Despite widespread availability of vaccines, hospitalizations caused by COVID-19 outbreaks have reached a record high in Florida, according to the U.S. Department of Health and Human Services.
This time around, many of those hospital trips can be tied to patients who have foregone a vaccination. This includes many people in their 20s being impacted by the Delta variant of COVID-19. Given the new surge, some government bodies and companies are stepping up the push for vaccinations.
In New York City, Mayor Bill de Blasio has made the Big Apple the first U.S. city to require workers and customers to show proof of at least one dose for indoor activities.
Tyson Foods, which employs 120,000 workers in the U.S., will require all workers to be vaccinated. This information is based on the corporate statement issued on August 3. The largest U.S. food company also plans to provide a $200 bonus to all fully vaccinated frontline team members.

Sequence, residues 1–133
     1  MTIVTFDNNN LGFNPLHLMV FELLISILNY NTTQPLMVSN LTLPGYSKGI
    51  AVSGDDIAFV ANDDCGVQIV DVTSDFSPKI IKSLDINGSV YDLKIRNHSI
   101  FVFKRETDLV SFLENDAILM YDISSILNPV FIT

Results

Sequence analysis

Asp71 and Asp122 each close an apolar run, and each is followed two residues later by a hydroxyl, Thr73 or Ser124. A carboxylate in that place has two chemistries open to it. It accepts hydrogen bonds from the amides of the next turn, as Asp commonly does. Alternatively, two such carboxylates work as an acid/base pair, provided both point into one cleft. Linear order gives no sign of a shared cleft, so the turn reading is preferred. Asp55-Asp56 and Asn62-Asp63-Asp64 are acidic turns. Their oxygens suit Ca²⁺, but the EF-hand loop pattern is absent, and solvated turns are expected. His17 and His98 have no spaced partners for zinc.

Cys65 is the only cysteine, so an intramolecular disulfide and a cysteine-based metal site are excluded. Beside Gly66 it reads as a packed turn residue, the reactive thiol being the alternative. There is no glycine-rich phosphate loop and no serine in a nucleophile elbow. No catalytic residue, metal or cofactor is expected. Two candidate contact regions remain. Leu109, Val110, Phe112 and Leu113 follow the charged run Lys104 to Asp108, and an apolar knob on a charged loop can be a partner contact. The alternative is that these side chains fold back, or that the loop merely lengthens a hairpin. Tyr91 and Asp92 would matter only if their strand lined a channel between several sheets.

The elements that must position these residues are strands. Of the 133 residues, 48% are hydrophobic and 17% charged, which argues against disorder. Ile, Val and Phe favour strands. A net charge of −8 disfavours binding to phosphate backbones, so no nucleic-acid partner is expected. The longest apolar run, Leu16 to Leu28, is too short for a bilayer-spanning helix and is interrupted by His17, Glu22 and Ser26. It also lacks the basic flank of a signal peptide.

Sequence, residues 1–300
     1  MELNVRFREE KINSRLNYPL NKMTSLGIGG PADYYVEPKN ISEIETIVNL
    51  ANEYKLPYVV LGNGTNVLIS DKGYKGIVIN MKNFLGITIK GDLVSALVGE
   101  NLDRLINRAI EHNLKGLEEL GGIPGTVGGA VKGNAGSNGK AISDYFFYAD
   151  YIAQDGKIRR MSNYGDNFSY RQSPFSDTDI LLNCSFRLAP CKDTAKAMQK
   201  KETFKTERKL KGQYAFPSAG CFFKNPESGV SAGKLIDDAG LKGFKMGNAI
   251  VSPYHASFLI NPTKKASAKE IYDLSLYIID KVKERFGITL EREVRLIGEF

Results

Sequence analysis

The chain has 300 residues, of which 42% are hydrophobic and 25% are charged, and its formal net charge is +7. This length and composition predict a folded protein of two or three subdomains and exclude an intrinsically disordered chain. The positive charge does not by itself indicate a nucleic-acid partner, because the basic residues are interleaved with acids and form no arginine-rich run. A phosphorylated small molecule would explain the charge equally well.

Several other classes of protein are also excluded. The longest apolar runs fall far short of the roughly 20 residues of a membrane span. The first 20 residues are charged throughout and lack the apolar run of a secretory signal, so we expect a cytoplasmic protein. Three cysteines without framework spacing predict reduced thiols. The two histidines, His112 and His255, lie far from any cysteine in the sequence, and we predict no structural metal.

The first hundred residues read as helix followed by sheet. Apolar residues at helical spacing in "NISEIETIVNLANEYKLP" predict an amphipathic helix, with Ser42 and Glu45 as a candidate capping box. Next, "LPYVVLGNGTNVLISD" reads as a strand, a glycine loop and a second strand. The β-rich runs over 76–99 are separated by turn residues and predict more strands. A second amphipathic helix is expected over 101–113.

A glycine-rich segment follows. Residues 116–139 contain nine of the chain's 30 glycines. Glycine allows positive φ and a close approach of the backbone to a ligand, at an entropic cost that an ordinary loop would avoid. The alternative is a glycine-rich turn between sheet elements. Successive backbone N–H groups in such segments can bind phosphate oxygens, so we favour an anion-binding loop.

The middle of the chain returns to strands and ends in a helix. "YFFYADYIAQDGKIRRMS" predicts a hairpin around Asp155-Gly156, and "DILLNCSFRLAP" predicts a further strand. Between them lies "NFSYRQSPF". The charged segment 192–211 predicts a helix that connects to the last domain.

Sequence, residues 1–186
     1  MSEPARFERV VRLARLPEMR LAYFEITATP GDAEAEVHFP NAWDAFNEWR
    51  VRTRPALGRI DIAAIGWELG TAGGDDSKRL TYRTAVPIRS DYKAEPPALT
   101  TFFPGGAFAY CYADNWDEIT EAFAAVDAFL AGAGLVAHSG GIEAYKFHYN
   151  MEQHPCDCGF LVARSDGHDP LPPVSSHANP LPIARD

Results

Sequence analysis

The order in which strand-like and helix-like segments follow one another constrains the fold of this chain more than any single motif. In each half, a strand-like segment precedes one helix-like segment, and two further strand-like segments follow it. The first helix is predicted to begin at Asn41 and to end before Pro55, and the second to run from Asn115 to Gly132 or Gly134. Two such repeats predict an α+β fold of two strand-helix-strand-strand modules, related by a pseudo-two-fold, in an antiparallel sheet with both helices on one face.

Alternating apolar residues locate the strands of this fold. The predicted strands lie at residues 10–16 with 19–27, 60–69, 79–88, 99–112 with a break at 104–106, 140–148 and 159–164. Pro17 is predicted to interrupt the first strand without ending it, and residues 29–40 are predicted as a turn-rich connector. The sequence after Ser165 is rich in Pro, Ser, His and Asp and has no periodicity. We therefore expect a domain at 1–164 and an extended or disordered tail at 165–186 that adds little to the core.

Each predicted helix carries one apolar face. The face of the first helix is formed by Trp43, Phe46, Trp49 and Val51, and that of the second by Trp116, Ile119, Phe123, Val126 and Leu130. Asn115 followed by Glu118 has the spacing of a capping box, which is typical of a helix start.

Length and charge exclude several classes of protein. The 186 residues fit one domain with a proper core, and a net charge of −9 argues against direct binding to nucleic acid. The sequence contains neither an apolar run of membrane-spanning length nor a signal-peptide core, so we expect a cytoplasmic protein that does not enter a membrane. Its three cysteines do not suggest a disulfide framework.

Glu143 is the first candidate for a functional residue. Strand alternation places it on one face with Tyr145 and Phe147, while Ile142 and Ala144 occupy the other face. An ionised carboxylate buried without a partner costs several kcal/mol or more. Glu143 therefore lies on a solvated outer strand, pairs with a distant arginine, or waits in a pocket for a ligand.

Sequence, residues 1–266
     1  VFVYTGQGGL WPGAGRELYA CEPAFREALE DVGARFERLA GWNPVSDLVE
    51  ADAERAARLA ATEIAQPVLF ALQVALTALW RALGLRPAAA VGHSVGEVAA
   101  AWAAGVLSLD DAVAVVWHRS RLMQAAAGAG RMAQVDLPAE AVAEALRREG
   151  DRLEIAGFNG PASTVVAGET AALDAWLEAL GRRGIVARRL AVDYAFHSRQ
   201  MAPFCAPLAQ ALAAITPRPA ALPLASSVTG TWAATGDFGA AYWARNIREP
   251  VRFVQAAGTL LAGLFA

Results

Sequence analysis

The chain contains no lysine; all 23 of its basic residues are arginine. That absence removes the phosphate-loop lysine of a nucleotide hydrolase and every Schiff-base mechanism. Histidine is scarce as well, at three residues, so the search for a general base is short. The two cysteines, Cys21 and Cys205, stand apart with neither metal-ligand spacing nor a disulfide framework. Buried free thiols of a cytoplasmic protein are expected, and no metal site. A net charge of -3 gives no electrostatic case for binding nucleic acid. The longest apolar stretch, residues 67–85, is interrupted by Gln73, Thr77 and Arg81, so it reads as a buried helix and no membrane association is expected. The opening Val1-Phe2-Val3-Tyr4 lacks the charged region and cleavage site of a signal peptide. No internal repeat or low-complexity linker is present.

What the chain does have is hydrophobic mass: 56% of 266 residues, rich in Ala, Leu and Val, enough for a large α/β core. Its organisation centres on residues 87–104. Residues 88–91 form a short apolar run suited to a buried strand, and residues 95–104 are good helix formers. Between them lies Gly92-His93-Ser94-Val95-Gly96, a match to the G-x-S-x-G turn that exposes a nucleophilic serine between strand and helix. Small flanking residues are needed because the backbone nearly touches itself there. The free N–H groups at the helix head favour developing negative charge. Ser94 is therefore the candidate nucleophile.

To date, 56,000 team members, or 47% of Tyson’s workforce, have been vaccinated. Here’s the company’s rollout plan to reach full vaccination status:
• September 24, 2021: All Tyson leadership and officers
• October 1, 2021: All Tyson team members working in the office
• November 1, 2021: All other Tyson team members
“Getting vaccinated against COVID-19 is the single most effective thing we can do to protect our team members, their families, and their communities,” said Dr. Claudia Coplein, chief medical officer for Tyson Foods.
Will others follow suit?
The corporate world does appear split on the topic, largely due to low unemployment rates. Even so, Walmart and Microsoft have eased into the vaccine mandate by requiring office workers to bolster immunity against COVID-19. Other organizations are bringing back mask mandates.